Women who most likely belong to lower social classes, in which education and incomes are quiet low, are mainly subjects to cervical cancer [26, 27]. Also, cervical HPV infections appear to have historically been more prevalent in women of lower educational levels [28, 29].

In this study, sexual intercourse during menstruation was a determinant of cervical cancer. The explanatory mechanism is not clear, but a related finding was noted in Sichuan, China, where a strong protection was observed in women who abstained from sexual intercourse during menses [30].

In our study, history of sexually transmitted infections represents a risk factor for cervical cancer in Moroccan women. This result is consistent with other studies. Indeed, markers of exposure to other sexually transmitted infections have been found associated with cervical cancer repeatedly [31, 32].

Our study has many strong methodological points. We conducted a multicenter case-control study which improves the representativeness of cases of cervical cancer of the study compared to the cases of cervical cancer in Morocco. The two cancer centers of Rabat and Casablanca represent the first and largest oncology centers in Morocco. Before 2007, they were the only public centers for oncology in Morocco [33]. In our study we included only incident cases of cervical cancer which allowed us to avoid a possible selective survival bias. Also, controls were individually matched on age with cases which gave rise to the advantage of making the cases and controls more comparable except for the disease. At the same time, this matching allowed us controlling the effects of age. In our analysis, the matching was taken into account by using conditional logistic regression [34].

There are some limitations in the design of our study. The protocol was intended to identify a group of controls individually matched by age groups to the age distribution of the cases. The selection of cases was made in cancer centers; which attracts patients from a wide, ill-defined reference population. This is particularly true for cases of cervical cancer, which are referred for radiotherapy from distant areas in Morocco. Controls were derived from public outpatient gynecological hospitals and communal health-care centers with gynecological unit resulting in a group of predominantly urban residency compared with the cervical cancer cases. In Morocco, the residence area is an important indicator of the socioeconomic and educational levels [35] Women living in rural areas are of lower socioeconomic and lower educational levels than those residents in urban areas [35]. So, the residence area was carefully selected from all available indicators of socio-economic status as the strongest discriminants between cases and controls and adjustments were made in the analyses by including systematically as confounder variable the residence area.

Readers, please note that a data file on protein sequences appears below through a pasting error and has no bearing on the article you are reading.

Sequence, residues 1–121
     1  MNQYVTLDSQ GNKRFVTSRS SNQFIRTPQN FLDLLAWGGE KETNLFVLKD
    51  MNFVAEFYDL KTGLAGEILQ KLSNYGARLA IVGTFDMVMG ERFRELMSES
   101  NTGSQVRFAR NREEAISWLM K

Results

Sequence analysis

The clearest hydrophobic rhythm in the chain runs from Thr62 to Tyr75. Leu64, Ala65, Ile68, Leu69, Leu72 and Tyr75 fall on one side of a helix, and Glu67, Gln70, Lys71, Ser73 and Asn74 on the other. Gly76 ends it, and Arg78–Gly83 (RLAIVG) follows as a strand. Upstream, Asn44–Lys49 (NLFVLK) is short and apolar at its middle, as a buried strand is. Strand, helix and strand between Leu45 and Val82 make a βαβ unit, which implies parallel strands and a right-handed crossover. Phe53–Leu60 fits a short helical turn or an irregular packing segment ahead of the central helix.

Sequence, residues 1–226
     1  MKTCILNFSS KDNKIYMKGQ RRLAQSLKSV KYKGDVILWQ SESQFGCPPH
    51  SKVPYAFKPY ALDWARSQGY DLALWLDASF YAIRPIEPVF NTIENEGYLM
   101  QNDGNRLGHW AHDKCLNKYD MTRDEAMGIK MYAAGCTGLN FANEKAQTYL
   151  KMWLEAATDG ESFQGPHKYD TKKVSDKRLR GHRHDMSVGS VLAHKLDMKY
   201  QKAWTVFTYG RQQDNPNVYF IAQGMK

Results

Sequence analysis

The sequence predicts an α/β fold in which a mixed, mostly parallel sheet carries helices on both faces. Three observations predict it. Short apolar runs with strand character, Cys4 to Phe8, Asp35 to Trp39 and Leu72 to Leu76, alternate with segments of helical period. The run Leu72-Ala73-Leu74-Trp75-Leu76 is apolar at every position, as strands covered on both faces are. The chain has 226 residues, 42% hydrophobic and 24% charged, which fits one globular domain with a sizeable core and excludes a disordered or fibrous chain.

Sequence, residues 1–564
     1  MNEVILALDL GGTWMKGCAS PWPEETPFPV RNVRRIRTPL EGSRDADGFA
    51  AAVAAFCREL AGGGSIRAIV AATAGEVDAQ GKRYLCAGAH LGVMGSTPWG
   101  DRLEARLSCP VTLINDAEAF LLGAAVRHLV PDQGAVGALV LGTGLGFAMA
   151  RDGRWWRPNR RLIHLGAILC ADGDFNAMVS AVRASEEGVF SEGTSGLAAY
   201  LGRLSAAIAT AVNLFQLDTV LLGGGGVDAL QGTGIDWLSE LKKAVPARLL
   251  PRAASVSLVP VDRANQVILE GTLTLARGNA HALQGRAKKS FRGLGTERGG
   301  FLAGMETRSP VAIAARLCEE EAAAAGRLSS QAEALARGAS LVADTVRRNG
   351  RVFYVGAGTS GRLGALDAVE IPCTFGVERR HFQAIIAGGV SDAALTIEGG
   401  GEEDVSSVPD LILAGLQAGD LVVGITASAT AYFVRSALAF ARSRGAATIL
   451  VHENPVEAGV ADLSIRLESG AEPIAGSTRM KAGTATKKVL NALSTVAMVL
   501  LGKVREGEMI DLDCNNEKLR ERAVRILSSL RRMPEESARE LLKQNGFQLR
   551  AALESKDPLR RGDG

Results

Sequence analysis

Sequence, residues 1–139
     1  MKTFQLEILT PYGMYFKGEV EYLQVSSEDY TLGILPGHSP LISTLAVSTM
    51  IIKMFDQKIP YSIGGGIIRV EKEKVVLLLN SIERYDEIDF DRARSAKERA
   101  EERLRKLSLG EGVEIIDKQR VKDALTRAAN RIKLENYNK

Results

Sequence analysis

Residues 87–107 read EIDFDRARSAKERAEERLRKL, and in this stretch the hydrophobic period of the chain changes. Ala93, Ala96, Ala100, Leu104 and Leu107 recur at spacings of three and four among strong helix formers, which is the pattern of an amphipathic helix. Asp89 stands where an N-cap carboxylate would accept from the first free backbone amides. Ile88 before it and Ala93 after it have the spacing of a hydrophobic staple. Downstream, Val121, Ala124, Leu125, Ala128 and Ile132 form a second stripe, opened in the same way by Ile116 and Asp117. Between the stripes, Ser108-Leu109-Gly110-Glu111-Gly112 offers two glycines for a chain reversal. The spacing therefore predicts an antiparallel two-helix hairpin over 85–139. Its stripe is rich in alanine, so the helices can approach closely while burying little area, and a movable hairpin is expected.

In Morocco, HPV is the central cause of the cervical cancer cases. Currently, two HPV vaccines are available, a bivalent vaccine against HPV 16 and 18, and a tetravalent vaccine against HPV 6, 11, 16, and 18. In Morocco, the vaccine in theory could prevent 86.5% of cervical cancer cases. Despite the development of vaccination, screening programs remain a mainstay in the secondary prevention of cervical cancer. Identifying the factors, other than HPV, that contribute to the development of cervical cancer is essential.

The results of this study indicate that certain factors, such as low educational level, male sexual behavior, multiparity, sexual intercourse during menstruation, and history of sexually transmitted infections are the main lifestyle risk factors for cervical cancer in Morocco. This information could be used to install a program based on health education and to prioritize limited screening and treatment services to the benefit of women who have these specific characteristics putting them at an increased risk of cervical cancer.